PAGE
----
Freeman Spogli Institute for International Studies Program on Energy and Sustainable Development Stanford University


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Thomas Fingar, PhD

Oksenberg-Rohlen Distinguished Fellow

View Thomas Fingar's bio, list of research, recent publications and events »


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December 16th, 2013

Suspicion and mutual distrust may threaten U.S.-China relationship

CISAC, Shorenstein APARC, SCP Op-ed: The Washington Quarterly

Thomas Fingar and former CISAC Visiting Scholar Fan Jishe write that the U.S.-China relationship is stronger and more interdependent than ever, but mutual suspicion and distrust persists. They argue that four decades of stability have taught Beijing and Washington how to manage their relationship. Read more »



August 28th, 2013

Experts on intelligence, terrorism, international law and Mideast policy examine Syrian conflict

CISAC, FSI Stanford Q&A

While the U.S. weighs options and rallies its allies for a possible military strike against Syria, Stanford experts consider the implications of an attack on Damascus. +VIDEO+
Read more »



June 26th, 2013

PRC-ROK summit underscores shared interests and common concerns

CISAC, Shorenstein APARC, KSP Op-ed: The Financial Times (in Chinese language)

Shorenstein APARC experts comment that South Korean President Park Geun-hye's visit to China this week attests to the magnitude and importance of geostrategic changes in Northeast Asia. Read more »



June 13th, 2013

What we need to know about PRISM

CISAC in the news

Following revelations of the NSA's massive public surveillance program, called PRISM, CISAC cyber and intelligence experts respond with important questions necessary for an informed policy debate, and tell us that terrorists were already aware of increased surveillance. Read more »



June 12th, 2013

Surveillance exposures more of a wake-up call than an alarm to terrorists

CISAC in the news: Bloomberg News on June 11, 2013

Former Deputy Director of National Intelligence Thomas Fingar spoke with news websites about the disclosure of U.S. surveillance programs. Fingar said that although these revelations may cause some terrorists to change their behavior, it's likely that they were already aware of increased electronic surveillance.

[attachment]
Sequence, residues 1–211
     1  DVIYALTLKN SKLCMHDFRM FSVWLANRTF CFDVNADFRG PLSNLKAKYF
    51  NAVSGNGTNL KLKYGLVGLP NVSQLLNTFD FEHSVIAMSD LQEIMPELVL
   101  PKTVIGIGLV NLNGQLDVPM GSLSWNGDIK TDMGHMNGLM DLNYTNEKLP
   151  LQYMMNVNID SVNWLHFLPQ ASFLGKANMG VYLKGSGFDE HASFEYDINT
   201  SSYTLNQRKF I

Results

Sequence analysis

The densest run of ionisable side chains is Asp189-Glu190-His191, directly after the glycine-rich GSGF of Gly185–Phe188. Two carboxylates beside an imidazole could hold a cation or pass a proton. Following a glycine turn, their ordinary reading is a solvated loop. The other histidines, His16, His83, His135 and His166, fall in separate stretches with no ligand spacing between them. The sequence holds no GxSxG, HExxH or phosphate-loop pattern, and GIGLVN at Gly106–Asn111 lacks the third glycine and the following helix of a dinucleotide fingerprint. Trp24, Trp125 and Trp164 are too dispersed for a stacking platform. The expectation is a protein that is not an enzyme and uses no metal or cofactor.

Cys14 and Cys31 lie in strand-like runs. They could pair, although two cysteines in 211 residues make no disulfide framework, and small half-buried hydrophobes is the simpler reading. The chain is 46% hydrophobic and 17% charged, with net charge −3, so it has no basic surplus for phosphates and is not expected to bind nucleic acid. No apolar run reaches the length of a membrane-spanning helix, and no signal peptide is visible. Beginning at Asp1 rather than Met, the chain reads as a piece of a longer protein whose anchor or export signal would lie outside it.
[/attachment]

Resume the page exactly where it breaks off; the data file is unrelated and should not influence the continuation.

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News around the web

The Way China Copes With Its Economic Challenges Will Have an Impact on Us All
Thomas Fingar: "For the past two decades China has been a poster child of successful globalization, integrating with the world and in the process lifting millions of citizens out of poverty. But China’s integration into the world economy and global trends drive and constrain Beijing’s ability to manage growing social, economic and political challenges."
January 19, 2012 in Jakarta Globe

In North Africa, Power Map No Longer Drawn In Ink
"The pace of change, the magnitude of demands, is going to make for not much sleep," says Thomas Fingar, former chair of the National Intelligence Council who's now a fellow at Stanford University. For intelligence officers in Cairo, the job may have ...
March 11, 2011 in NPR

Don't overreact to WikiLeaks
"The WikiLeaks dissemination of U.S. diplomatic and other candid communications has rekindled debate over how to balance the need to protect sources and sensitive information against the need to ensure timely distribution of information to government officials who need it to protect our people ...
January 19, 2011 in Arizona Daily Sun

Overseas programs assess enrollment, effects of Beijing language waiver
... full enrollment may have been caused by the waived language requirement and the addition of Stanford faculty member Thomas Fingar MA '69 Ph.D. '77, ...
December 1, 2010 in The Stanford Daily

Five years later, a stronger intelligence community
"Commentators noting the fifth anniversary, this month, of the launch of the Office of the Director of National Intelligence have largely paid more attention to shortcomings than to what has been achieved ...
April 30, 2010 in Washington Post